2 min read Financial models contain numerical data about the past, present, and future of your business. This information can be used to make business decisions, analyze the financial health of the company, and can also be presented to potential investors. In this article, we provide tips for using your financial model.
Using Your Financial Model in Your Pitch
The financial model is a key component of your pitch. You should be using key financial numbers from the model to tell the story of how your business can scale up.
To do this, start with your unit economics to show the business works. Show how the systems you have built drive the business using the financial model. Highlight the market size and how fast the market is growing as well as how you will go to market if you are in the early stage.
Call out key cost figures to demonstrate you know the numbers that drive your customer acquisition process and retention rates. Show how you will use the funds by pointing to the costs for building products, generating leads, or closing sales. Show your cash burn and how the fundraise will give you runway.
The financial projections alone don’t tell the story of your business. You have to pull out key numbers to tell the story.
Using Your Financial Model in Your Pitch Deck
Many founders cut and paste cells from the financial model spreadsheet into a slide. This renders the information unreadable as the spreadsheet doesn’t fit with the presentation format. To show your financial projections, consider the following:
- Don’t cut and paste from the spreadsheet. Investors cannot take in a detailed spreadsheet on a slide, only the high-level information. Instead, choose specific numbers from your financial model and place them into the slide using the same font and format as the rest of the deck.
- Choose three sets of numbers: Revenue, costs, and profits. For these categories, show last year, this year, and projections for the next three years. This provides a five-year window into the company. For each of the three categories, create a line graph.
- Avoid hockey sticks as investors will discount those numbers as unrealistic. Investors will look for the growth rate you are projecting. They will look to see when you go cash flow positive. Investors will look at the burn rate on the profit line and then check the fundraise to see how much cash runway you are proposing.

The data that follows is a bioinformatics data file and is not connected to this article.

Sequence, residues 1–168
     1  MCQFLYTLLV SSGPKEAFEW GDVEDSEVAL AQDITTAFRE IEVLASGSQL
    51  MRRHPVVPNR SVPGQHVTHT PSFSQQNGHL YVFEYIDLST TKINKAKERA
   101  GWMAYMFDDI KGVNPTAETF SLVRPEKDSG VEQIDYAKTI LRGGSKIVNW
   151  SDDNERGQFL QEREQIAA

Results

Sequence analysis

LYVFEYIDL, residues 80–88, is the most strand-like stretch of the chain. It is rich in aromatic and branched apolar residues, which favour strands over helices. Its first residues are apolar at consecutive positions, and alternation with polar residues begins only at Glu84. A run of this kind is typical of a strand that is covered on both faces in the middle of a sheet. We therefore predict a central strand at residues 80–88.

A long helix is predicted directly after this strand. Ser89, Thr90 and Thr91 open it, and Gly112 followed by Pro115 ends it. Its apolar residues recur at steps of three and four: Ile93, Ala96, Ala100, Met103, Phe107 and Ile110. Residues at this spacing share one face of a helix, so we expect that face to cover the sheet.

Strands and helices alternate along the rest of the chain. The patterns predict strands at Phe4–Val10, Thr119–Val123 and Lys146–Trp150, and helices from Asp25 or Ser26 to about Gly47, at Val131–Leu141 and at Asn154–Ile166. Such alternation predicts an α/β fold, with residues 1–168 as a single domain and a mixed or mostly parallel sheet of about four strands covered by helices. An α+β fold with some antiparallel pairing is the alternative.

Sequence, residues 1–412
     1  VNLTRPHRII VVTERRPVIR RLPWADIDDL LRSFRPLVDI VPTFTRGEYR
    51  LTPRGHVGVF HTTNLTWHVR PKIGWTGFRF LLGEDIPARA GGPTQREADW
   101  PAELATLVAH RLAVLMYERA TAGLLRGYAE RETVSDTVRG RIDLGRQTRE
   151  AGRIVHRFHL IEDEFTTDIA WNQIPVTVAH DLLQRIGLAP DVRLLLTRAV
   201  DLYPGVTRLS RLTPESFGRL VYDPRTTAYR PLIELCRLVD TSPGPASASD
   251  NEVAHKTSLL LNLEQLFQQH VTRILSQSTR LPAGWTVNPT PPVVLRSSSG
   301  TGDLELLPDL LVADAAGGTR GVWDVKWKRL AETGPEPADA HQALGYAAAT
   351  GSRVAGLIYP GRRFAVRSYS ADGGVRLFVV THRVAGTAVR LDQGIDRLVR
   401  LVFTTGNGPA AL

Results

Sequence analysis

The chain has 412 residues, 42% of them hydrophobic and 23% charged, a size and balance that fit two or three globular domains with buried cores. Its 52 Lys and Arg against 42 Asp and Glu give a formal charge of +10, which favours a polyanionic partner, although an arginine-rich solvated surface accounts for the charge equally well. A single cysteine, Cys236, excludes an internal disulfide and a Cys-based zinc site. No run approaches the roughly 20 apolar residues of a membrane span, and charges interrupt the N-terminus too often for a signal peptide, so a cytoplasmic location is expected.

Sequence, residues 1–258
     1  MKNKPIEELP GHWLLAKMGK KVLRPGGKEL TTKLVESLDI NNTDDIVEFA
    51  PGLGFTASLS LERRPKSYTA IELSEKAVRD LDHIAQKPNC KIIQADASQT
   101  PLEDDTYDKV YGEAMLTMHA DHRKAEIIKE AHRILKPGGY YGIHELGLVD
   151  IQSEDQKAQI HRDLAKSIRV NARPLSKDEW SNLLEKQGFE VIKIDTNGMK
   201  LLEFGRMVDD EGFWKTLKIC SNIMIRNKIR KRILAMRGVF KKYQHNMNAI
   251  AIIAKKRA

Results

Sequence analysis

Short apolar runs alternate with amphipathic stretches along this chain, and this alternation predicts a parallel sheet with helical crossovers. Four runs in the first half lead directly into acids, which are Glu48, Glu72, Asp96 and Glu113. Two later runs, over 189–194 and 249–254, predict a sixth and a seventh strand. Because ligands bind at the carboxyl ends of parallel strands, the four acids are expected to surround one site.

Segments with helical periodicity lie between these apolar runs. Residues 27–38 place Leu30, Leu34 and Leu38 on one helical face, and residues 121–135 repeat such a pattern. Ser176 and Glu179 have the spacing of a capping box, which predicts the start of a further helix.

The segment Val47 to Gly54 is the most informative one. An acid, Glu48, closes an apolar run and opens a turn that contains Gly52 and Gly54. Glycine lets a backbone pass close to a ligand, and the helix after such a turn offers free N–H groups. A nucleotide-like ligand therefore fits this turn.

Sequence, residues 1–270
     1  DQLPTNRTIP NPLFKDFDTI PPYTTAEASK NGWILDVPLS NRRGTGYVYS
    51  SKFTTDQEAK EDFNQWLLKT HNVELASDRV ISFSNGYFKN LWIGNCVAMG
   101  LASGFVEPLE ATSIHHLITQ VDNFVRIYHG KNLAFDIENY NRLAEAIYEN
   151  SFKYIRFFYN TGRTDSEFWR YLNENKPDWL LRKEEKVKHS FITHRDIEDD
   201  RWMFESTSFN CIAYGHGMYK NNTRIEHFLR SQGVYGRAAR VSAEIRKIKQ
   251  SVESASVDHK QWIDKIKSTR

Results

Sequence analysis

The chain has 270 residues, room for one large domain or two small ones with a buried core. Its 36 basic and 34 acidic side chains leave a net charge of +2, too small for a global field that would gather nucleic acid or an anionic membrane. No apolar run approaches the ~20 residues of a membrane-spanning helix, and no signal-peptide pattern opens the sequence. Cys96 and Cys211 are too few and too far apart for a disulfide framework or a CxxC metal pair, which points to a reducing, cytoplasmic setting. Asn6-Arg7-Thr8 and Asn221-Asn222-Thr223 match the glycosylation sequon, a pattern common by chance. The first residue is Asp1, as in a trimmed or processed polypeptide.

The key takeaway regarding how to present your financial projections is the importance of calling out three key numbers such as the growth rate, months to cash flow positive, and the number of months of cash runway.
How Investors Use Your Financial Model
Investors use the financial model to understand not only the business but also to learn about the founder and their skills.
Here are some key points investors look for:
- Salaries: How well is the team compensated, and does this fit the stage of the business?
- Customer acquisition and retention: Have you built a system for acquiring customers and retaining them?
- Traction: What traction do you have going so far?
- Knowledge of the business: How well do you know the costs of running the business as well as what factors drive revenue?
- Scale factors: Based on the costs and customer acquisition model, how well can the business scale?
- Use of funds: How are you are going to spend the funds raised? Does it make sense for the stage of the business?
- Potential outcome: Is this a venture business or a lifestyle business?
Consider how the investor will view your deal in building out your financial projections.
Feel free to try out our calculators and contact us if you would like to discuss your fundraise: https://www.startupfundingespresso.com/calculators/
Hall T. Martin is the founder and CEO of the TEN Capital Network. TEN Capital has been connecting startups with investors for over ten years. You can connect with Hall about fundraising, business growth, and emerging technologies via LinkedIn or email: email@example.com.